Facebook grows and learns from one of its most heated crises

During the summer of this year, the world witnessed one of the most heinous and bigoted incidents to ever have been recorded. The murder of George Floyd, who died in a racially motivated encounter with officers from the Minnesota Police Department. The incident, which resulted in Floyd’s death, was filmed by bystanders and uploaded to various social media platforms where it went viral. The video led to massive protests all over the United States. Numerous Black Lives Matter rallies were held and voices were raised against the systemic racism that has resided in America for far too long. This incident was shocking and eye-opening and several well-known brands like, EA Sports, Netflix, HBO, Warner Bros., and many more spoke out on racism or showed some form of support for the protesters.

This was a rare occurrence as brands usually stay away from speaking on such matters especially if there is such a polarized situation but the corporates showed their utmost support for the African-American community.

Facebook came under fire and was mass boycotted by a great number of advertisers after it mishandled a post from President Trump about the Black Lives Matter protests. Facebook has already been under fire for mishandling posts that spread hate and misinformation and with the nation in an already aggravated state about racism, Facebook was quick to be called out. There always has been a fine eye on Facebook regarding matters like this and rightly so, Facebook has a reach of almost three billion people; that is almost forty-three percent of the total world population. If a social media platform has that type of reach they need to be extremely careful and just about how they curb the spread of hate and misinformation.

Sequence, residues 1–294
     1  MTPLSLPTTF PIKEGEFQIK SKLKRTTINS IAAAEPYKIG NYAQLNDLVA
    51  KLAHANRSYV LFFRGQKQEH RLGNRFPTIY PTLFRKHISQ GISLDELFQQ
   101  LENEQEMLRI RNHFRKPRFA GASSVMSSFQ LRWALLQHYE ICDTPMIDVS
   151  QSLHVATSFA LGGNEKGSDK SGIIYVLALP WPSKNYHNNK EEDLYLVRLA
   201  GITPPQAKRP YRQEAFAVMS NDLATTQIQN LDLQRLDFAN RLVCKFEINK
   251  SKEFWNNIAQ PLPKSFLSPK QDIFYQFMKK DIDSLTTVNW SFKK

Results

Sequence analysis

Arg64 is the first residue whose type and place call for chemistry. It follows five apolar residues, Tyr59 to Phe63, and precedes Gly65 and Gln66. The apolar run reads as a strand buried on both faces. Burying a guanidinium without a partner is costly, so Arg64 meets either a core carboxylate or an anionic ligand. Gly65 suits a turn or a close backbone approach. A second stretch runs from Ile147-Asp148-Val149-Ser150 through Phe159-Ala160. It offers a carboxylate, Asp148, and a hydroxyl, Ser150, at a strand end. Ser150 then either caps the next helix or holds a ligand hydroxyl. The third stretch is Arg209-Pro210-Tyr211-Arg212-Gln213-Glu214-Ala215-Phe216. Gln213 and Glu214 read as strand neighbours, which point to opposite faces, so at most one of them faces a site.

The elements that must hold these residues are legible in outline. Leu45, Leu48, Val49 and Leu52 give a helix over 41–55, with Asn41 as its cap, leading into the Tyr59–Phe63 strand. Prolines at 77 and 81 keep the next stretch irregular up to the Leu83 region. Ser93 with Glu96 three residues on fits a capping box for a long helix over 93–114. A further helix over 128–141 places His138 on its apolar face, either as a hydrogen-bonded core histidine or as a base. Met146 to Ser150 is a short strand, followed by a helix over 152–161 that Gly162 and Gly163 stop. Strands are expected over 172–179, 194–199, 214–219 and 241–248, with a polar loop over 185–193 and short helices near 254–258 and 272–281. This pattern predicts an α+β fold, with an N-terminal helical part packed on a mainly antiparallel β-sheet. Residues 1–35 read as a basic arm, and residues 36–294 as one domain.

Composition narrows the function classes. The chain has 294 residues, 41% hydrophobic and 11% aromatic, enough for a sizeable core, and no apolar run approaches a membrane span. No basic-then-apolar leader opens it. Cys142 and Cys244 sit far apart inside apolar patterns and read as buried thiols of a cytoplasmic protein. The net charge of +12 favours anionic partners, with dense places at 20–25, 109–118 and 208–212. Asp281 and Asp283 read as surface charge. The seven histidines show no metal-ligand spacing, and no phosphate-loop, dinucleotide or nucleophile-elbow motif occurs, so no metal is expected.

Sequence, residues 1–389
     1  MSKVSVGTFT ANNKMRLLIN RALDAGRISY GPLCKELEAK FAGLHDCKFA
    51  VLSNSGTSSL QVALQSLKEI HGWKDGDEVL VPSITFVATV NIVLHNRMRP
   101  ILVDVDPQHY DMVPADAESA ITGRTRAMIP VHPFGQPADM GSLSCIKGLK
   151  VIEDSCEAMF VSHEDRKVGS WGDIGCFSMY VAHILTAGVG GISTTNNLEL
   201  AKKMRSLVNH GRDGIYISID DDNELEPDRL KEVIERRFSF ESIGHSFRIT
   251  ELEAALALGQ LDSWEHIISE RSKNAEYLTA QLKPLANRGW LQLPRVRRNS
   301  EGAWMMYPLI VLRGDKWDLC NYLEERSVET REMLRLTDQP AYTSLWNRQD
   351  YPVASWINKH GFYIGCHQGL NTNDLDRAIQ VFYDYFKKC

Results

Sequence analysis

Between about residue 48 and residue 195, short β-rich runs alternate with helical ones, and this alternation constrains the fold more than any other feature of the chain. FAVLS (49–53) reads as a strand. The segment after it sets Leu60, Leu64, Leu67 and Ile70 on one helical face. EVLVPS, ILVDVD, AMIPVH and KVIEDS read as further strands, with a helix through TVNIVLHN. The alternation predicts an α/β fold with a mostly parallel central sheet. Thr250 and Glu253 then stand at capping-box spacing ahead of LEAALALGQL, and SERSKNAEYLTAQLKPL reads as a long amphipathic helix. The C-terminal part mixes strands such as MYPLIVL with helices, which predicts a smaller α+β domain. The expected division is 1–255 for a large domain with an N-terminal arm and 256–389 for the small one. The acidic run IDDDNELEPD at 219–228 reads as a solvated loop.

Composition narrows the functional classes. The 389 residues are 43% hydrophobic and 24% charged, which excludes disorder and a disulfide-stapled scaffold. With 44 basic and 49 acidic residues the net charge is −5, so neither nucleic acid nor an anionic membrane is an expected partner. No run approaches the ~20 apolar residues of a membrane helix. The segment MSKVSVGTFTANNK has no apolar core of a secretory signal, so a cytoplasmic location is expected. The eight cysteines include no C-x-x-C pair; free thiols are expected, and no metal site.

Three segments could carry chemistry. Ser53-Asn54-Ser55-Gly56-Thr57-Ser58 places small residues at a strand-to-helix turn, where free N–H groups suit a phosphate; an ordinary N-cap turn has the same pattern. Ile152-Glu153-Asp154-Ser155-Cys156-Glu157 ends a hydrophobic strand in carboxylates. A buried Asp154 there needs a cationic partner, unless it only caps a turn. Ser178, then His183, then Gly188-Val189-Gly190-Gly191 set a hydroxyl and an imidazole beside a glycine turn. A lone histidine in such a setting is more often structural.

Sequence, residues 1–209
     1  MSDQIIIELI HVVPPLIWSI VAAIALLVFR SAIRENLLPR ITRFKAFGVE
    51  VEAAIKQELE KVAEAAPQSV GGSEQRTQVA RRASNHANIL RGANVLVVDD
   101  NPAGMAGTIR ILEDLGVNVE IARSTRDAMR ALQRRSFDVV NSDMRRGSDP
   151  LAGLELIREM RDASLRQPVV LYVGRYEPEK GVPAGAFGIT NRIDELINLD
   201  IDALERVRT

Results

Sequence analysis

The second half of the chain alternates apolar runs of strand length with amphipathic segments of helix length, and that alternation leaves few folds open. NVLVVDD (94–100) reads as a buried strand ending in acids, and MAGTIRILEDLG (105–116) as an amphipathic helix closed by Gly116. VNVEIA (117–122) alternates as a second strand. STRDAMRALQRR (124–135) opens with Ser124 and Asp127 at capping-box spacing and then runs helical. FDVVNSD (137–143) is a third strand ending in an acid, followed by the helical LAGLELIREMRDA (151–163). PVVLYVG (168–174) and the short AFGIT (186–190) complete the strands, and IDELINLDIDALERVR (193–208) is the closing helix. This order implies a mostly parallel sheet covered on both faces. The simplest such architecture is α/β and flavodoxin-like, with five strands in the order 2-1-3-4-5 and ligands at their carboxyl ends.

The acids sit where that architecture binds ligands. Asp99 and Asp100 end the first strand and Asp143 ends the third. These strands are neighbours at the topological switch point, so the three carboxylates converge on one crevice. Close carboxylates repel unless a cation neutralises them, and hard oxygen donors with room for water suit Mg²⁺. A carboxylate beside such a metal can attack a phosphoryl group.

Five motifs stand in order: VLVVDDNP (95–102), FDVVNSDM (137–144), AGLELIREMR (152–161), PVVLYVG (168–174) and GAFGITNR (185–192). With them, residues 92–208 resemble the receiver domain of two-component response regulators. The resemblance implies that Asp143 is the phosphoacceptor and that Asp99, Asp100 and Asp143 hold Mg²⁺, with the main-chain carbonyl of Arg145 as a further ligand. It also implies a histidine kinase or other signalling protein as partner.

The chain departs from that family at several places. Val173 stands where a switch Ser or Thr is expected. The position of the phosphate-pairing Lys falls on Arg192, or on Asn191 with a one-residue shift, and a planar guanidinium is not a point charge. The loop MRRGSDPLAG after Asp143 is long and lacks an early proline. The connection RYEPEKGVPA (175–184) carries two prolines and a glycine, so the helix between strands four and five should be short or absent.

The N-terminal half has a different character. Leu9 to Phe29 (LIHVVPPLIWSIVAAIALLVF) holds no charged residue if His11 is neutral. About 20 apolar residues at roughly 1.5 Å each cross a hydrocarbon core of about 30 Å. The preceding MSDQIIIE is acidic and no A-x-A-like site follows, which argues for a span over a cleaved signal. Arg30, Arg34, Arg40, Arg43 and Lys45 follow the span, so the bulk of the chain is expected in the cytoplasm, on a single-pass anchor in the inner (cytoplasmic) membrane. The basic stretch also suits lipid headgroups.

Boycotters used the hashtag #StopHateForProfit to post their views about how Facebook should have handled the post instead.

Facebook has been working towards handling posts that contain offensive and wrongful content and has partnered up with several organizations like the Global Alliance for Responsible Media, or GARM, and according to Facebook's VP of global marketing solutions Carolyn Everson, the social network has taken several steps like, improving its brand safety and content monetization guidelines, strengthening their anti-Holocaust-denial policies to improve its image. However, these steps will be ignored if they are unable to adapt to current situations and hide or, at least, reduce the exposure of certain posts by certain biased leaders. This is absolutely vital if Facebook wants to maintain its status as a respectable high-profile social media platform.

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